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Does environment centralization prevent local governments from racing to the bottom? --Evidence from China
- Hong, Tao, Yu, Nannan, Mao, Zhonggen
- Journal of cleaner production 2019 v.231 pp. 649-659
- carbon dioxide, developed countries, empirical research, environmental governance, environmental law, environmental quality, greenhouse gas emissions, local government, markets, models, politics, pollution, China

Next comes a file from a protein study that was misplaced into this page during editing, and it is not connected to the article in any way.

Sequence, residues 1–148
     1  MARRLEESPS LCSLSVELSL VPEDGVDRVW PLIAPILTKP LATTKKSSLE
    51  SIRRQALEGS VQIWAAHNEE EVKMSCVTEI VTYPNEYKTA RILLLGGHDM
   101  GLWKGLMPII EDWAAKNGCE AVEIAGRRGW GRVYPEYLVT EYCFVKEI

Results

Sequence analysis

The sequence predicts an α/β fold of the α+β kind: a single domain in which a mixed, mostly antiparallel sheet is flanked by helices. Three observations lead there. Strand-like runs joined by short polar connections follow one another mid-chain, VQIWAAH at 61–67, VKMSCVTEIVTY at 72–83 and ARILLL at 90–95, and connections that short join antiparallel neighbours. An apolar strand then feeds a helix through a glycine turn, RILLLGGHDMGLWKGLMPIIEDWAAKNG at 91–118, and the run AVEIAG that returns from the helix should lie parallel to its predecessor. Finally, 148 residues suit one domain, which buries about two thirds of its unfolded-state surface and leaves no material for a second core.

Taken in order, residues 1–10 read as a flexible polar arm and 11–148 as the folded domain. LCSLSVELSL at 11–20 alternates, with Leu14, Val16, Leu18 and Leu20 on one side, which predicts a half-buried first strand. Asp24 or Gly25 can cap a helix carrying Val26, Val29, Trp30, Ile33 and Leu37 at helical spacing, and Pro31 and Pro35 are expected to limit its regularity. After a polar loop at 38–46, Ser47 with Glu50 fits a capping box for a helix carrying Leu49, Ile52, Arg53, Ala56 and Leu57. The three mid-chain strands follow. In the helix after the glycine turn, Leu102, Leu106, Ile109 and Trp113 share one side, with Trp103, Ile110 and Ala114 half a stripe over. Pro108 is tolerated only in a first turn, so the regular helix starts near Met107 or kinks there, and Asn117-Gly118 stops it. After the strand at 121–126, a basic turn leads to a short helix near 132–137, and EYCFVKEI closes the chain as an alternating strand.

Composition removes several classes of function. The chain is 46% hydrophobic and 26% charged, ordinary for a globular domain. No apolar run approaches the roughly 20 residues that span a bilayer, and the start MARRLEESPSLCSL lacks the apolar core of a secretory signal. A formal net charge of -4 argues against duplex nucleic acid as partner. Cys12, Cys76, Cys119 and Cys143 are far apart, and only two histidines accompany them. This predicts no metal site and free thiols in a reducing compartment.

- While China has achieved rapid economic growth in the past several decades, such growth has also caused serious environmental problems. Local governments' tolerance and indulgence pollution is one of the key factors. Therefore, the state has established a generally centralized environmental governance system. This empirical study proposes an Objective-Conduct-Performance model to explain environmental regulation differences between developed countries and China, and attempts to analyze local governments' environment deregulation in the context of environmental centralization using data from Chinese provinces from 1997 to 2015. Our results indicate the following findings. First, newly transferred officials exert influence that is characterized by a fall-rise pattern in CO2 emissions during the few first years of the officials' new terms. Second, the centralized environmental governance and strict legal rules may provide strong restrictions on local governments' environment deregulation. Third, market forces are a driver of local governments' environment deregulation rather than a constraint. Last but not least, top officials transferred from adjacent provinces are more likely to ease environmental regulations than those from non-adjacent provinces. Thus, we can conclude that local government officials in China have a powerful motive to ease environmental regulations, leading to a failed effort to restrain local government officials’ further measures in spite of the severity of laws, regulations, and the unfamiliarity of administrative circumstances. This is perhaps due to a lack of political and economic power structures that match environmental centralization. Asymmetric incentives make local government officials tend to prioritize the goal of economic growth over environmental quality.